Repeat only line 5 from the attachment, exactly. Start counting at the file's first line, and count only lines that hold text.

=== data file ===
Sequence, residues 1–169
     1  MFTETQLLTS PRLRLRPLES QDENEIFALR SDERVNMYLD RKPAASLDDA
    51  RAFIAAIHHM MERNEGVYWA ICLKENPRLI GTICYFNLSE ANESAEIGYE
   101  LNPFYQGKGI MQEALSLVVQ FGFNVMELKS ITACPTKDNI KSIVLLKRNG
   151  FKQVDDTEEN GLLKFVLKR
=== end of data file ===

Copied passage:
   151  FKQVDDTEEN GLLKFVLKR